pool. All girls interested in swim
ming in the Amphibian water
pageant before Junior Weekend
in May are urged to try out.
Places in the water pageant will
be open to the newly chosen Ani
phibian members.
All members of the 41 club are
invited to a social gathering at
9 p.m. in the ‘Y’ bungalow.
She Lost Her
Little Purse
Where Is It?
In the city of the Golden Gate,
Betty Buchanan patiently taps
her feet—and taps them and taps
them, while the railroad com
pany is going through the red
tape to refund her ticket money,
so she can join Elizabeth Steed
and two Stanford friends at the
AWS convention in Texas,
She was sitting in the dining
room of San Francisco hotel and
when she got up—well, she left
her purse behind her.
Thursday night, through the
red brick archives of the Chi
Omega house, a persistent tele
phone rang. It was Betty Bu
chanan asking the sisters for
some help.
They sent her money, but she’s
still waiting for her railroad
ticket to be refunded and in the
Pre-Meds to Take
Exam for Aptness
Students who wish to take the
medical aptitude test May 1 prior
to applying for entrance to med
ical school in September of 1941
are asked to register with H. B.
Yocom, head of the zoology de
partment, as soon as possible.
This year each person who pays
his $1 registration fee will be
given a sample exam (practice
sheet) which he must return be
fore taking the exam.
Each year the Association of
American Medical colleges sends
out examinations from Washing
ton to all parts of the United
States. Forty Oregon students
were among the 10,000 taking
the exam November 8.
Statistics show some six hun
dred special “weeks” in a year,
largely commercial.
Jose Limon Dances
With Artistic Grace
Fantastically surrealistic and the embodiment of physical complete
ness, Jose Limon has amazed dance audiences with professional en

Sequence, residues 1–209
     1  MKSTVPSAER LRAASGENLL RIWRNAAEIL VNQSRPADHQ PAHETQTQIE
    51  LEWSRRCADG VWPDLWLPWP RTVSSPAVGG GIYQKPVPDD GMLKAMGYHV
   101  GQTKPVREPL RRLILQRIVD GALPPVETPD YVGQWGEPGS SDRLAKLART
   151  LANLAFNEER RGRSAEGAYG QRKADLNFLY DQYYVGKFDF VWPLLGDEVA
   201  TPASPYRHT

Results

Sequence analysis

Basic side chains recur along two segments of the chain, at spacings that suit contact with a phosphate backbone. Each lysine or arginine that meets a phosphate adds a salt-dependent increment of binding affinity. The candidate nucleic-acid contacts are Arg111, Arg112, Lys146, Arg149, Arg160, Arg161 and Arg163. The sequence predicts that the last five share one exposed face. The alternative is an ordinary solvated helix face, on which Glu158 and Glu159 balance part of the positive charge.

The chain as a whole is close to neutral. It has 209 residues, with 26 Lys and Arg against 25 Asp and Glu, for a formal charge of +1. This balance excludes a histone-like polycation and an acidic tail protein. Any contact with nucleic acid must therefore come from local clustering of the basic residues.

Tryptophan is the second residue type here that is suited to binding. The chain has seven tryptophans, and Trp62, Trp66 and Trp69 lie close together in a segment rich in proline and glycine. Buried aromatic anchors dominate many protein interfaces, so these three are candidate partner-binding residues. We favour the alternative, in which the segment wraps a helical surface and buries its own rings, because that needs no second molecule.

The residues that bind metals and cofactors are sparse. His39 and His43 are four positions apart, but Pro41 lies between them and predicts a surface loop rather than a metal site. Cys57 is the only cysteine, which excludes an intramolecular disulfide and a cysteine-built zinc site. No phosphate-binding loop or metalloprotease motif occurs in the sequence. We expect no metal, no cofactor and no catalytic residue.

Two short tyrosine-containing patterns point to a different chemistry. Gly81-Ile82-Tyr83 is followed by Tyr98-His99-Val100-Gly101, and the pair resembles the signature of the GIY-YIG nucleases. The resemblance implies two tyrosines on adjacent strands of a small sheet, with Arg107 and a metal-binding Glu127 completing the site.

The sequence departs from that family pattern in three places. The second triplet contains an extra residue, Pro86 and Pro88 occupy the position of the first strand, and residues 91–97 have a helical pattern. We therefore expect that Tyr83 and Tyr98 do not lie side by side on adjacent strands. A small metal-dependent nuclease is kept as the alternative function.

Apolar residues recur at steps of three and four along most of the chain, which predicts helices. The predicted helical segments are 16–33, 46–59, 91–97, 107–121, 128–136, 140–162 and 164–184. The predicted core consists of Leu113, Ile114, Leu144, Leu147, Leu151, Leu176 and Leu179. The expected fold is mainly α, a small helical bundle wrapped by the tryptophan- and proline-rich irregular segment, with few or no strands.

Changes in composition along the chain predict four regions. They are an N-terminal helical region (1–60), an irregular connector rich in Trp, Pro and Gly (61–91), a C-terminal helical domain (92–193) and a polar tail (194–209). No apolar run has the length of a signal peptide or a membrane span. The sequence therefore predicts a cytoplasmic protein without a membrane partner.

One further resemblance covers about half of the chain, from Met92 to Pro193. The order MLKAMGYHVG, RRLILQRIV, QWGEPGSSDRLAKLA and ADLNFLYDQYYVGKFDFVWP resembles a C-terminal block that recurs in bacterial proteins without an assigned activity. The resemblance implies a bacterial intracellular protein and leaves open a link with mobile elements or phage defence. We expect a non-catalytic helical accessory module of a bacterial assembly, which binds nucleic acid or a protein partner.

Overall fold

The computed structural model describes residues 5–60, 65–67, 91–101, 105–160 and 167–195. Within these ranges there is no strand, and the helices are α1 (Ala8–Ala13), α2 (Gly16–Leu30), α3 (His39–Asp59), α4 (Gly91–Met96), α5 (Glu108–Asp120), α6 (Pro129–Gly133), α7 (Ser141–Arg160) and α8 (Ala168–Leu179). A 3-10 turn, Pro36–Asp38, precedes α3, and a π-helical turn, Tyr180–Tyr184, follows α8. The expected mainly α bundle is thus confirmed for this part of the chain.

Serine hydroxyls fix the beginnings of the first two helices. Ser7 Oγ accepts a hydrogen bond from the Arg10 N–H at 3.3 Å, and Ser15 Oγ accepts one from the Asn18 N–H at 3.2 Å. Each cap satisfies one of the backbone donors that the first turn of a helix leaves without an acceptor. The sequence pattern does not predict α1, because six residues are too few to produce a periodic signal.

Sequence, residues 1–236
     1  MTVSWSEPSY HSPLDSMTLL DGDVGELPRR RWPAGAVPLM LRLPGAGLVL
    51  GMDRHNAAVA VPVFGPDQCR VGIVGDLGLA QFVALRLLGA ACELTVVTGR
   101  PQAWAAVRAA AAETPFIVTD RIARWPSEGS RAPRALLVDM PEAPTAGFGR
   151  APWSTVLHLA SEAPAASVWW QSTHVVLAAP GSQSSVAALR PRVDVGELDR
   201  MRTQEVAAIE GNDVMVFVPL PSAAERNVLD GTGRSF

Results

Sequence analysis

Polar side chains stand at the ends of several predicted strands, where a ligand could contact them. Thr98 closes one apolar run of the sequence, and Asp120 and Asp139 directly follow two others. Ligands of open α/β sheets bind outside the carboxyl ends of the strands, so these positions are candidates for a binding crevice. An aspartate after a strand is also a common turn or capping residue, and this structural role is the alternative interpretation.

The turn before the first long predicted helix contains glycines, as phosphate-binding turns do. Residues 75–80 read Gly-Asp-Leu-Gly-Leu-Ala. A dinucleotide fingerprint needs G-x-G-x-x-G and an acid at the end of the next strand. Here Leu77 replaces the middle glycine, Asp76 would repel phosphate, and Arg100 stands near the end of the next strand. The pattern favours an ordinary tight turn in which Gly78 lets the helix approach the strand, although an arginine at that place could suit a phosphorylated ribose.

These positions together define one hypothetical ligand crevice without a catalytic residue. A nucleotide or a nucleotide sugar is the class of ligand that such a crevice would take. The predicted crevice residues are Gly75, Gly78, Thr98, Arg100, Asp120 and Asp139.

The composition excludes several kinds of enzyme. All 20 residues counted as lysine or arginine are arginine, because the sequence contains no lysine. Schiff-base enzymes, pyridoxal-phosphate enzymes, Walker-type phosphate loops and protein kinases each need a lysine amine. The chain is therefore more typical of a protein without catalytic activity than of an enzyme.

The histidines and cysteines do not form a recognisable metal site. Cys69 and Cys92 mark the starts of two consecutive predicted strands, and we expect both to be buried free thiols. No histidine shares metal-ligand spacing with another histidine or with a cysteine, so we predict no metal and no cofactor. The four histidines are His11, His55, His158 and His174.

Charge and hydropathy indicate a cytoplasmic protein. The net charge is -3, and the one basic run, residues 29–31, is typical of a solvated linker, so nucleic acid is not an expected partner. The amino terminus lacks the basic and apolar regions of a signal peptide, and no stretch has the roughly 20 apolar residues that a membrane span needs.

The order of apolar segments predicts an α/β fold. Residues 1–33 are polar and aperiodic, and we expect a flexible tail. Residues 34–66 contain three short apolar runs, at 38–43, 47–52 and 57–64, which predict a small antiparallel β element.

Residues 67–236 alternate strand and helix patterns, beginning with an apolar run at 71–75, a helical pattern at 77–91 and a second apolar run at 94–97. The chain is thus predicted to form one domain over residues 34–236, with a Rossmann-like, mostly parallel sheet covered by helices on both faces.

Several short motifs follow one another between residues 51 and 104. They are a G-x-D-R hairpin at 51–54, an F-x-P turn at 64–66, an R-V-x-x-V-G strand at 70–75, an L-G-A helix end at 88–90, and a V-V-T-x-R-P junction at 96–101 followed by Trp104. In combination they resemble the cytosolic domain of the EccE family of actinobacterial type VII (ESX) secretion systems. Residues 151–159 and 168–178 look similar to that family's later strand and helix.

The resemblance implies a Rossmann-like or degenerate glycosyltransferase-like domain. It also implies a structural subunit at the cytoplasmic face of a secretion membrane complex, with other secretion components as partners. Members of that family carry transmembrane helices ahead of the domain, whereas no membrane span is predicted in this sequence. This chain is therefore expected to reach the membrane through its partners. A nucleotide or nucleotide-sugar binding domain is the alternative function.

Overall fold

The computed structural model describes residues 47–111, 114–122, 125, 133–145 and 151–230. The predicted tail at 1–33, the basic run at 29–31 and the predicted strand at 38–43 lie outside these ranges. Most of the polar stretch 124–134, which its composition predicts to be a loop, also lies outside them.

gagements for the past 10 years.
To Mr. Limon dancing is the most cosmopolitan of the arts. In
modern dancing six currents of artistic power are harnessed into one
dance, as it contains the thoughts of literary men, painters, com
posers, designers, choreographers, and musicians of all nations.
Using the human body as an
instrument, Mr. Limon believes
that the emphasis of dancing
should be placed upon individual
contribution to group expression,
rather than one great soloist and
a chorus as in ballet.
He notes no conflict between
modern dancing and ballet but
indicates definite differences.
Modern dancing, as a form of
entertainment, is just beginning
to find itself and to know its
real purposes and goals.
Much Study
Mr. Limon has absorbed a wide
range of professional study un
der Charles Weidman and Doris
Humphrey, w’ith whose troupe he
appeared two years ago.
Modest, brilliant, and definite
ly successful as the male partici
pant of the Limon-O’Donnel duo,
he has established himself among
the leading young dancers in
America and favorable public
sentiment indicates permanent
popularity in the years to come.
Oregana Bids Due
All petitions for 1941-42 editor
of the Oregana are due by 5 p.m.
today, George Root, educational
activities manager, announced
last night. The petitions should
be turned in to the activities of
fice in McArthur court.